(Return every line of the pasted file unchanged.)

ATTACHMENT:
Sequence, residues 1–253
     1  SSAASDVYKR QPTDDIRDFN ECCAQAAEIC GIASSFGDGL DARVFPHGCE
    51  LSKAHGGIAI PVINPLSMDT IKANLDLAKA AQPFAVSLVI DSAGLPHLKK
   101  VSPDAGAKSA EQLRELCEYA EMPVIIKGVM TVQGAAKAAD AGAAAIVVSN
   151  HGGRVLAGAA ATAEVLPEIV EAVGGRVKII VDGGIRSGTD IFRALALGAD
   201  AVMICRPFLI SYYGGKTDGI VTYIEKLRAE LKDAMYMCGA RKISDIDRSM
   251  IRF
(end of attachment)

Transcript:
Sequence, residues 1–253
     1  SSAASDVYKR QPTDDIRDFN ECCAQAAEIC GIASSFGDGL DARVFPHGCE
    51  LSKAHGGIAI PVINPLSMDT IKANLDLAKA AQPFAVSLVI DSAGLPHLKK
   101  VSPDAGAKSA EQLRELCEYA EMPVIIKGVM TVQGAAKAAD AGAAAIVVSN
   151  HGGRVLAGAA ATAEVLPEIV EAVGGRVKII VDGGIRSGTD IFRALALGAD
   201  AVMICRPFLI SYYGGKTDGI VTYIEKLRAE LKDAMYMCGA RKISDIDRSM
   251  IRF